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04 January 2018


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I'm amused at how many people still buy the "Trump has a plan" canard. It reminds me of how many people - even including many so-called "antiwar" types - who continued to believe Obama's "Change You Can Believe In" nonsense eight years in, no matter how many times he proved there would be no change.

Not buying it.

For one thing, a motormouth like Trump can't possibly conceal his plans. Foreign policy is not a business plan that you can hide from your competitors by printing it on copy-resistant paper. If Trump has any kind of "plan", we would know it by now because he would be tweeting it daily.

Instead, everyone is playing psychologist, behavioral psychologist, or forensic psychologist - or maybe reading entrails - trying to figure out what his plan is. If it's that hard, I submit it's because there is no plan, not that he is some sort of genius who can conceal it right up to the moment when it stands revealed in all its glory.

I continue to believe that Trump is merely play-acting at being President and is allowing his "advisers" to run the government until his time runs out and he can go back to making real money by waving the cache of having been President.

And his advisers suck and intend war with North Korea and Iran.

If he can't even fire the bozos who are running an intelligence operation against him, how is he going to stop the rest of these clowns from starting more wars?

It's delusional. There is no disentanglement strategy - and if there were, someone would assassinate him to prevent it - or at least make sure it failed, which wouldn't be hard to do, especially if he really is going against the tide of the rest of the government.

The other issue I have with all this is the reliance of many otherwise thinking people on the 24-hour news cycle as a predictor of future events. Any time someone in the Administration makes a random statement - that invariably contradicts what they said last week - everyone starts talking like it's a sea change in policy. Actions speak louder than words and I've seen nothing being acted on as any major change in US policy toward anything.

No where is this clearer than the policy towards Iran. If you want to avoid "foreign entanglement" in the Middle East starting a war with Iran wouldn't be my first choice in policy. Giving Jerusalem to the Israelis has clearly been refuted as a rational decision by virtually everyone in the world except Trump believers.

And of course we have yet to see any change in regards to North Korea. The only reason it's relatively quiet now is: 1) NK hasn't set off another nuke - yet, or launched another missile - yet; 2) NK and SK may be trying to get negotiations going; and 3) US/SK military drills will resume after the Olympics because no one wants a war in the North Korean winter or in the middle of Olympic games. Wait and see what happens in the spring...before predicting Trump has some "grand plan" to resolve that issue.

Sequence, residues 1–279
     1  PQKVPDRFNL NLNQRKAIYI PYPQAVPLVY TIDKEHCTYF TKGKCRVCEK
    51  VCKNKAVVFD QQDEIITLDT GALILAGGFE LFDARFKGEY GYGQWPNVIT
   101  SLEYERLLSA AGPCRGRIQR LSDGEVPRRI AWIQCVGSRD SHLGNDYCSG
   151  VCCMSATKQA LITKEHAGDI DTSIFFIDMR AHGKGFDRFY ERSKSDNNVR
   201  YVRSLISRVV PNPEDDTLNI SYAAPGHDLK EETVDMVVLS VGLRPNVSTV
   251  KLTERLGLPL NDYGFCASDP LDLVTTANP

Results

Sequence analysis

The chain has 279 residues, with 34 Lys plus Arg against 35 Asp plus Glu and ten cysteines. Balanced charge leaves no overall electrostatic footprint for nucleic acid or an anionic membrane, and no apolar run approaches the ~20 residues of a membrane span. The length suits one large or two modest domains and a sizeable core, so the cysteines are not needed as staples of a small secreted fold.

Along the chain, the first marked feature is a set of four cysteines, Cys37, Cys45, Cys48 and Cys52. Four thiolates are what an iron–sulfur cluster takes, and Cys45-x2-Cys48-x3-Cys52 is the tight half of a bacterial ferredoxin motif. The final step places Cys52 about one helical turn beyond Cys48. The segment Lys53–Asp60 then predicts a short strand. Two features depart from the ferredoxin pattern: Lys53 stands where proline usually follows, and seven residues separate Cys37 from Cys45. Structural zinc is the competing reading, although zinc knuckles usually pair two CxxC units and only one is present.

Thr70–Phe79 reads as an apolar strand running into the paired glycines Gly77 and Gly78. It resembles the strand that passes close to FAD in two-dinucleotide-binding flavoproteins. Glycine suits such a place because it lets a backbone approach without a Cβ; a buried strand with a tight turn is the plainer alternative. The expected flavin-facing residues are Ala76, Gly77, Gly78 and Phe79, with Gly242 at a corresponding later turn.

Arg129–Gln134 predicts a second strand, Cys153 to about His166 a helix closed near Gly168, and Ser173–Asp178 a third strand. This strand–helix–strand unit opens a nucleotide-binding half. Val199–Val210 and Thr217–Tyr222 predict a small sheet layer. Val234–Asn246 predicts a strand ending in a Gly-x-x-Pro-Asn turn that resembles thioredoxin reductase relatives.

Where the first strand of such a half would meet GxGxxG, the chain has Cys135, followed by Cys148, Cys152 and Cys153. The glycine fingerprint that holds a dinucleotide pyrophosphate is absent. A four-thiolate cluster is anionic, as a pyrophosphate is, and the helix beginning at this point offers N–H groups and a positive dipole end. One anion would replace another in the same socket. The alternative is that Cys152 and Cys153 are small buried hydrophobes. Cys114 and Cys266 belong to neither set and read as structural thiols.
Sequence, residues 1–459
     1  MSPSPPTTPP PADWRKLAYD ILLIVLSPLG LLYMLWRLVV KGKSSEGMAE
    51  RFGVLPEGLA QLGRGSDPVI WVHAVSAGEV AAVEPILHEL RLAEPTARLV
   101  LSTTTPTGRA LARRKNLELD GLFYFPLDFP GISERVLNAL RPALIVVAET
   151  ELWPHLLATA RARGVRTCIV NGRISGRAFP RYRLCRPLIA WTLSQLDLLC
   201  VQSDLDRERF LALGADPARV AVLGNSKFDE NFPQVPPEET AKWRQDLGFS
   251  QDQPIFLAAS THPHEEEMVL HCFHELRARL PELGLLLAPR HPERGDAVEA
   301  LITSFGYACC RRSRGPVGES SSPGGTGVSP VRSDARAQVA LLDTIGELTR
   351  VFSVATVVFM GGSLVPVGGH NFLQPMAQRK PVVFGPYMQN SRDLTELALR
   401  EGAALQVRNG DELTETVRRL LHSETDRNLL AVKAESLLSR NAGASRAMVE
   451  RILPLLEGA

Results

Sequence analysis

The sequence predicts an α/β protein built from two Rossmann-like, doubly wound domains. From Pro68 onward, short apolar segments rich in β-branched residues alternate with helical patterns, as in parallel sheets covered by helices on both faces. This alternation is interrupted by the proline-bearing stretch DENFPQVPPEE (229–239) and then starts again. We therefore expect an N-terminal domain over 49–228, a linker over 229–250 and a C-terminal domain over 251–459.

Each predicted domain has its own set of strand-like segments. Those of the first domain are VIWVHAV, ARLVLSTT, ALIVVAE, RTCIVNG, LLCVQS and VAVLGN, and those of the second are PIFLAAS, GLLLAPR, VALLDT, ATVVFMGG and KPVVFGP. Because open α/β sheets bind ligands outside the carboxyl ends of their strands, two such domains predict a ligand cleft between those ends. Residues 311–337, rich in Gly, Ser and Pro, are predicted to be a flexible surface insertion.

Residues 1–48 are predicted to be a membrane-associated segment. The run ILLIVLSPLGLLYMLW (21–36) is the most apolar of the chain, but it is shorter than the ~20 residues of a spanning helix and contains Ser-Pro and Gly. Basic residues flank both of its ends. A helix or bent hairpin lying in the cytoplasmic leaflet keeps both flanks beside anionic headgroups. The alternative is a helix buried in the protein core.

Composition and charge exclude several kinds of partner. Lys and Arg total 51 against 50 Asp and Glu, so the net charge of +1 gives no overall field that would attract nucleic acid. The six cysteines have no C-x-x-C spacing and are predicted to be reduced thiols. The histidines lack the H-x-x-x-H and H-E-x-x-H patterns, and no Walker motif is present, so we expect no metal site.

Peter AU

I wonder if the Trump strategy on Iran has as much or more to do with MAGA and kick starting the US oil industry than Israel?
Trump has just opened up most of the US continental shelf for exploration. US out reaching just under ten thousand barrels a day according to a recent Reuters report. High oil prices would kick the US oil industry into top gear and be detrimental to China.


But it means he can do all the rest while the Washington Borg thinks he's doing what real men do - going to Tehran.


It may also relate to the development of the gas fields of the Eastern Mediterranean where I believe Gazprom has a presence.

This too. But nobody in Russia has any illusions on largely Sunni arc of instability across Maghreb either. Pretty much all Southern Med is or may become destabilized and that involves scenarios of large jihadist groups (or even armies) reappearing together with their claims to whatever will be the fad then--Caliphate or whatever else they will come up with. This requires an "emergency" naval force capable to support legitimate governments before "cavalry" (if need be) arrives or legitimate forces properly trained and supplied. Yes, almost Syria scenario. And then, there is an issue of Europe, which still transcends just geopolitical considerations. There are, certainly, a Christian ones at play here in Russia. Putin DID voice a concern about it. In the end, by 2030, Tartus may house a carrier and amphibious battle group of Russian Navy, granted that appropriate decision on construction of an appropriate (I stress this) new carrier will be made. I see no reasons to doubt it. For now, amphibious component will be made of Ivan Gren landing ships once they pass trials.


And the Biden family was represented on the board of a Ukrainian gas corporation: